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Care Coordinators, Patient Navigators: Emerging Roles in Healthcare


A look at what these employees do and why they might be beneficial to your practice.

We often note nurse care coordinators and patient navigators in our stories here at Physicians Practice, but we seldom delve into what exactly they do, who they are, and how and if they might be beneficial to your practice.

If you are exploring the possibility of participating in new health reform initiatives such as accountable care organizations (ACOs) or patient-centered medical homes, it’s time to pay attention to these emerging roles.

Here’s why: These new models of care will reward you based on your ability to improve care quality at reduced cost. That means you’ll need to increase patient engagement, follow-up with patients more often, and monitor them more closely.

For most practices, that’s a lot to take on. It’s likely your employees are already maxed out when it comes to daily workload.

As a result, if participating in these new models of care, you may need to add new employees to your team who can take on these additional responsibilities. Care coordinators and patient navigators are a natural solution.

In fact, in unveiling recent ACO ventures, insurers like Aetna and Cigna have highlighted nurse care coordinators as pivotal to the success of their ACO models, according to a recent article appearing in ACO Business News.

Why might they be the right fit for your practice? One reason is they are usually a more cost-efficient option than hiring non-physician providers. A recent job posting for a registered nurse care coordinator at Ohio State University Medical Center for instance, lists the maximum salary at $44,000.

And though these individuals may be less expensive for your practice to employ, that doesn’t mean they won’t be able to handle the responsibilities of the job.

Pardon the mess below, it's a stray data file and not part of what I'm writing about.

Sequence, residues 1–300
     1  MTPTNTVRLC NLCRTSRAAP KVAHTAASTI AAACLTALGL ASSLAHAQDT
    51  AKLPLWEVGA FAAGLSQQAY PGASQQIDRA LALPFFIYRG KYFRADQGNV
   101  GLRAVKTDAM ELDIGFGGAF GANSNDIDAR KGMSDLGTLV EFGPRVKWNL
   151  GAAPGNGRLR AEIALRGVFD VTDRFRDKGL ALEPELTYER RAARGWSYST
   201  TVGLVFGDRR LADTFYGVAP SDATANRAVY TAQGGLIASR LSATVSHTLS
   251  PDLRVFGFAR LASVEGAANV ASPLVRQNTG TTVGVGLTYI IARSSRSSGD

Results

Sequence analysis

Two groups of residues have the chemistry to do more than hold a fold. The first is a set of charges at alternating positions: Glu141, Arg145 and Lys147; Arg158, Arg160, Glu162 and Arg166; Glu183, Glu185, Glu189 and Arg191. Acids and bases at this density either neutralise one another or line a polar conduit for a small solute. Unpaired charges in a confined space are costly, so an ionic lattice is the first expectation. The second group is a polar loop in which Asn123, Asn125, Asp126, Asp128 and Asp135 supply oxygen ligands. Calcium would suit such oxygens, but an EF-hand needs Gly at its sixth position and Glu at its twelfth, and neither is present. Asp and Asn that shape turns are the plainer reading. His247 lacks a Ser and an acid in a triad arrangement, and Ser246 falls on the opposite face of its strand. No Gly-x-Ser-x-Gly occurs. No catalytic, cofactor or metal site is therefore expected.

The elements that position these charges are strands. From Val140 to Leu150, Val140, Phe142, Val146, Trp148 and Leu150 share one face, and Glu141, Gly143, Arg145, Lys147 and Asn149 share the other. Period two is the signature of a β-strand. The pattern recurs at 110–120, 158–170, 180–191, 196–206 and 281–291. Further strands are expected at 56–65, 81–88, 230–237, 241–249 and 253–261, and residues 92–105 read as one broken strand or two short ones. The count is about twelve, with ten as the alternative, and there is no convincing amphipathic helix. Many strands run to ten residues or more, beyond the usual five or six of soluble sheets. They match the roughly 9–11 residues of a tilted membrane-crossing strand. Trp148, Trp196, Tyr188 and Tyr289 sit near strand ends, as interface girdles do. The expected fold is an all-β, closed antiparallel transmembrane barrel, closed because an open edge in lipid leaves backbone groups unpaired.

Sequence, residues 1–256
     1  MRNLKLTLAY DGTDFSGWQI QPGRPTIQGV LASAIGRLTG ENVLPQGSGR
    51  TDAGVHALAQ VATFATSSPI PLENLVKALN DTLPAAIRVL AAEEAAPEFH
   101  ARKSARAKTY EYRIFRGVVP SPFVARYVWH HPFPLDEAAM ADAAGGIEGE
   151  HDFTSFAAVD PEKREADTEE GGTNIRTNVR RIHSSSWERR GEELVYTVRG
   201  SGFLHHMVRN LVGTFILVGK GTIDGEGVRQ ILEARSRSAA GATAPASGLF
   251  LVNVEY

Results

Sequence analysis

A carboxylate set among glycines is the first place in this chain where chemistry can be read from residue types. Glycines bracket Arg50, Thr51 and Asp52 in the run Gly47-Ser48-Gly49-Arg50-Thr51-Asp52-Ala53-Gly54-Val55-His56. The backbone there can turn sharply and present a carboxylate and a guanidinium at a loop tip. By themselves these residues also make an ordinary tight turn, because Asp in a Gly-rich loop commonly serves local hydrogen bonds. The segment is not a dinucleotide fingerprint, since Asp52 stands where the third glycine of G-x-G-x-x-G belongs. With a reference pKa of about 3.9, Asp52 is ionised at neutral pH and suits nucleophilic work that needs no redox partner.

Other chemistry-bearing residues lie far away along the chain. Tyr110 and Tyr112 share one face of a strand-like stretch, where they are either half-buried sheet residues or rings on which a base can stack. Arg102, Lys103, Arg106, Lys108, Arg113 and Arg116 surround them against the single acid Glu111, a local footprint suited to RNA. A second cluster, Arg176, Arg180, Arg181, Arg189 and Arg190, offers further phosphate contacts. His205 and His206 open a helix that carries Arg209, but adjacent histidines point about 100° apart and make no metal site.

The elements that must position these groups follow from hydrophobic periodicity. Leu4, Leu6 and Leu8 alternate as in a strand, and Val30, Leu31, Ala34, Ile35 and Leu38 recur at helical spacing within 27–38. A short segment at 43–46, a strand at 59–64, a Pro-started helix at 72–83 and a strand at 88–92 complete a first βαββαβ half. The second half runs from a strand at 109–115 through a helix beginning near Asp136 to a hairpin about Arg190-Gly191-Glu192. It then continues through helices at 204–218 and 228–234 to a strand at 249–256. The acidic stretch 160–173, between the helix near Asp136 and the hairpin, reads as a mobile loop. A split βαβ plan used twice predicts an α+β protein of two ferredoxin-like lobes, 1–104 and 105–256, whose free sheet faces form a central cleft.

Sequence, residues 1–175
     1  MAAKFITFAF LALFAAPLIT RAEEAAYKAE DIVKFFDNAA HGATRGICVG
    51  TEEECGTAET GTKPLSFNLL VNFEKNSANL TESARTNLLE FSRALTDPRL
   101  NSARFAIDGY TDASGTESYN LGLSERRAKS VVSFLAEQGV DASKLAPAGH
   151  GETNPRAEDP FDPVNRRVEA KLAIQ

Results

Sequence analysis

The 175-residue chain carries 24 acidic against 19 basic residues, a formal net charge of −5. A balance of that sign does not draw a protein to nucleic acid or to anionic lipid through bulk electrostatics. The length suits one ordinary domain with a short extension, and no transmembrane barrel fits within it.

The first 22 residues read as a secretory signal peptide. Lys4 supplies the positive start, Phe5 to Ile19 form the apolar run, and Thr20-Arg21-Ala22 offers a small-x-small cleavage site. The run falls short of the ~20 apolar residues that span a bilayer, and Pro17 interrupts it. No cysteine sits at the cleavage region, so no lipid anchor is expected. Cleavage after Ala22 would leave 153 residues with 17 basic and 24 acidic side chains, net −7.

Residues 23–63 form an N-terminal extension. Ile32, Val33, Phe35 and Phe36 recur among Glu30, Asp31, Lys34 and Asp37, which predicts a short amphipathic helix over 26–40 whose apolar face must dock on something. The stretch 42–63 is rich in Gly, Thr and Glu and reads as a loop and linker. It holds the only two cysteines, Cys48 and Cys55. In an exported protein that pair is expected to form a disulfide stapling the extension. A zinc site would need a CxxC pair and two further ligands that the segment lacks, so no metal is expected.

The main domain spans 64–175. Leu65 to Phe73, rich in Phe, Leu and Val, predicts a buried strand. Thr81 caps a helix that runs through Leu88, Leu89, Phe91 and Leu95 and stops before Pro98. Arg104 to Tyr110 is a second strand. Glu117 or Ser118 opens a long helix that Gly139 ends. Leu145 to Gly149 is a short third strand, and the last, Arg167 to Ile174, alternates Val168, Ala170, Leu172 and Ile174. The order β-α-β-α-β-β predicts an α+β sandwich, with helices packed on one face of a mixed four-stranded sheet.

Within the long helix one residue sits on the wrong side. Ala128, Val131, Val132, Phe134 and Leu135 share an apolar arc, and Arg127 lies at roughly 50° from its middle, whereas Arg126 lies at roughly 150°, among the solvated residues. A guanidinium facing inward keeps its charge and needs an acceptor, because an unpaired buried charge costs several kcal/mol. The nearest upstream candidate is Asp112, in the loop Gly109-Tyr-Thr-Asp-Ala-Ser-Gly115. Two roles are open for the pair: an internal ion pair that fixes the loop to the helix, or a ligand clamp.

Nurse care coordinators are often highly trained in care coordination, communication, and collaboration. For instance, a number of colleges offer courses and extended education courses covering such subjects.

The role of a patient navigator or nurse navigator may differ slightly from that of care coordinator.

Navigators are a good option for chronic care settings or larger integrated health networks, for instance, because they help patients “navigate” the healthcare system.

For instance, at Presbyterian Healthcare Services in Albuquerque, N.M, nurse navigators make appointments for patients, explain their treatment options and their medical conditions, and provide advice and support to patients, according to a recent article in the Wall Street Journal.

While usually navigators are registered nurses, other individuals, such as social workers, are sometimes employed in this role. A Colorado program, for instance, offers social workers, nurses, and community health workers training in patient navigating.

If your practice is planning to participate in a new model of care but does not have the means to hire care coordinators or patient navigators, there is a lower-cost option to consider.

In a recent Physicians Practice article, Richard Lopez, internist and chief medical officer at Atrius Health, suggested practices participating in ACOs consider hiring individuals with non-healthcare related degrees. These low-cost individuals can telephone and reach out to patients about follow-up care.


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